Orlando, FL— A certain amount of turnover is inevitable in your contact center. But when employees leave you can lose productivity, knowledge, and profitability, so developing strategies for keeping more of your employees is crucial, said Kathryn Jackson, associate of Response Design Corp., during her session “High Turnover Antidotes Employee Retention in the Contact Center” on Tuesday.
Before you can combat turnover you must understand its cost. You can calculate this by adding the expense involved with recruiting, hiring, and training replacements to the cost of negative consequences, such as a decrease in sales or service levels. This helps you determine how much to budget to your retention efforts as well as better enable you to justify any retention-related expenditures to upper management.
That said, giving money to workers in the form of raises and bonuses isn’t necessarily the most effective way to stem turnover. “Money as a cure-all is a myth,” Jackson said. She referred to a study in which 75% of managers thought their employees were leaving because of money although in reality, money was very low on their list of reasons.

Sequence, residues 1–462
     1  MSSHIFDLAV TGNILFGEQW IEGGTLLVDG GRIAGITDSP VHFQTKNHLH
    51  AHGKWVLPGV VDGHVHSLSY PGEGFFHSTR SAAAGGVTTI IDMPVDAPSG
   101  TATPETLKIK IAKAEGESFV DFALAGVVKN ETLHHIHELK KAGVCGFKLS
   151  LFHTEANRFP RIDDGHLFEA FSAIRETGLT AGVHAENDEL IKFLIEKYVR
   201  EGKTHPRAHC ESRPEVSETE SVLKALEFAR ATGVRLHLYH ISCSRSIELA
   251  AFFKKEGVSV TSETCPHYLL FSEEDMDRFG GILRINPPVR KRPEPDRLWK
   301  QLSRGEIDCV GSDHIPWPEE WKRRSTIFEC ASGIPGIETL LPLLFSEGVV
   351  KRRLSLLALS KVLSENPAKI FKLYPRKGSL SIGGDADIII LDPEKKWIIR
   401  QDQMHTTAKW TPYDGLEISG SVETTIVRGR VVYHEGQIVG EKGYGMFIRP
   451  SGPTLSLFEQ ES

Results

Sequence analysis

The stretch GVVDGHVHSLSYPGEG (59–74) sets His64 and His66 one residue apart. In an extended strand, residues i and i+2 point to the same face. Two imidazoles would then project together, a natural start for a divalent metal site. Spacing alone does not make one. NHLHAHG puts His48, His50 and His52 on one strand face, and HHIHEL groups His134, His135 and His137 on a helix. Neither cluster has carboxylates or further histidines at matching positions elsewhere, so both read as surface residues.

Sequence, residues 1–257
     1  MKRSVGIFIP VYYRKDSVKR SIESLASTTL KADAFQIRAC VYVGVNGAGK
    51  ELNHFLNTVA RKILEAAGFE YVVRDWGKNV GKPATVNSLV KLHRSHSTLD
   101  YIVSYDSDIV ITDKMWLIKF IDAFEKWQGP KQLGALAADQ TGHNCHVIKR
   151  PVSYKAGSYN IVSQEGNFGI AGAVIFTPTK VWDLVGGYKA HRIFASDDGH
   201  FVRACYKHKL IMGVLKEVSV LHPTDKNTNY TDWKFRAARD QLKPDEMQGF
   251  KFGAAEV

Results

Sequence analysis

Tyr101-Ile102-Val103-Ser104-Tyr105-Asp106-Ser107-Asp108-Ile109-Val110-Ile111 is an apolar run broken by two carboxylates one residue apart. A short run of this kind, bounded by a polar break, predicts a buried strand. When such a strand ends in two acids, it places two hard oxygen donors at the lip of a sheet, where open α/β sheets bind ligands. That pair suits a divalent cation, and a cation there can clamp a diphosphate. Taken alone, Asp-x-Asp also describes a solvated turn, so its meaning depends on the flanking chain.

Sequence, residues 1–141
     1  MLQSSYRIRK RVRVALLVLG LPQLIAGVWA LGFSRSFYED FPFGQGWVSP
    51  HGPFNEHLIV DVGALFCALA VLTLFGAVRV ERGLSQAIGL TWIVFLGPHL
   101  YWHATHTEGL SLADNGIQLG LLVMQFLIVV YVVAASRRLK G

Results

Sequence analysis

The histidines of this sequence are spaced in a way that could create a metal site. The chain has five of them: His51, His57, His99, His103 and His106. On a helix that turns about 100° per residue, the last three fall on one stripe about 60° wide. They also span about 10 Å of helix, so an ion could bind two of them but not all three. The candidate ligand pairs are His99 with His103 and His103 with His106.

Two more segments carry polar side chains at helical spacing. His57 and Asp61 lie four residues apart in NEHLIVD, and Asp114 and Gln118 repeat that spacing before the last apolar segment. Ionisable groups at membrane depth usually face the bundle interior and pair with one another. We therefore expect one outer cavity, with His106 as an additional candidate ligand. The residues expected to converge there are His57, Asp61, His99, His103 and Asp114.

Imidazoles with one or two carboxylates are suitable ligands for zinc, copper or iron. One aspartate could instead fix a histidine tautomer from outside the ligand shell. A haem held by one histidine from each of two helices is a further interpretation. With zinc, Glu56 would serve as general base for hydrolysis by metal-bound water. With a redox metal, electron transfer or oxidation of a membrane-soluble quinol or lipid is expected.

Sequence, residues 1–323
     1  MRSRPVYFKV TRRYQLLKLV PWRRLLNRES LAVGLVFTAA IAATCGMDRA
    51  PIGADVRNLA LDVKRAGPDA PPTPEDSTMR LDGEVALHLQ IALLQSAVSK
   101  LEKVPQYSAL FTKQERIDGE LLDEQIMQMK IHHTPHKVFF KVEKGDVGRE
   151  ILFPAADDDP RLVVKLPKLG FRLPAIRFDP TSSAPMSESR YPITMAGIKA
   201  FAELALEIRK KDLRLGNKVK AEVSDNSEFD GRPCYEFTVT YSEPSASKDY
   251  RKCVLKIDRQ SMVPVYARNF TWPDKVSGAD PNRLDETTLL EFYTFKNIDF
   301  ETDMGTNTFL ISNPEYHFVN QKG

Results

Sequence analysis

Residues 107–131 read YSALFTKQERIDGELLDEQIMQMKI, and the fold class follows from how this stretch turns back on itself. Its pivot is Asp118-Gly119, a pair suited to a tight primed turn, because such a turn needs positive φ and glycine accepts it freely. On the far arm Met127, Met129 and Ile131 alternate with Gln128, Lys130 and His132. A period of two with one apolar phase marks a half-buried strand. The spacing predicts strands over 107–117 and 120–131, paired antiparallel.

Some tactics that Jackson recommended for improving employee retention were cross-training employees and getting new agents up to speed faster.
Turnover decreases when your employees are engaged, Jackson continued. Engaged employees are energized and believe that their work has meaning. They will form meaningful and lasting relationships with colleagues and customers. The root of disengagement comes from poor supervisors. Employees who believe that the supervisor values their contributions are more likely to become engaged, so hiring the right front-line supervisors is crucial.
Hiring home-based agents can also boost your retention rates. There are an estimated 112,000 home-based agents in the U.S., and that number will triple by 2010. “They are more productive and will stay with you longer,” Jackson said.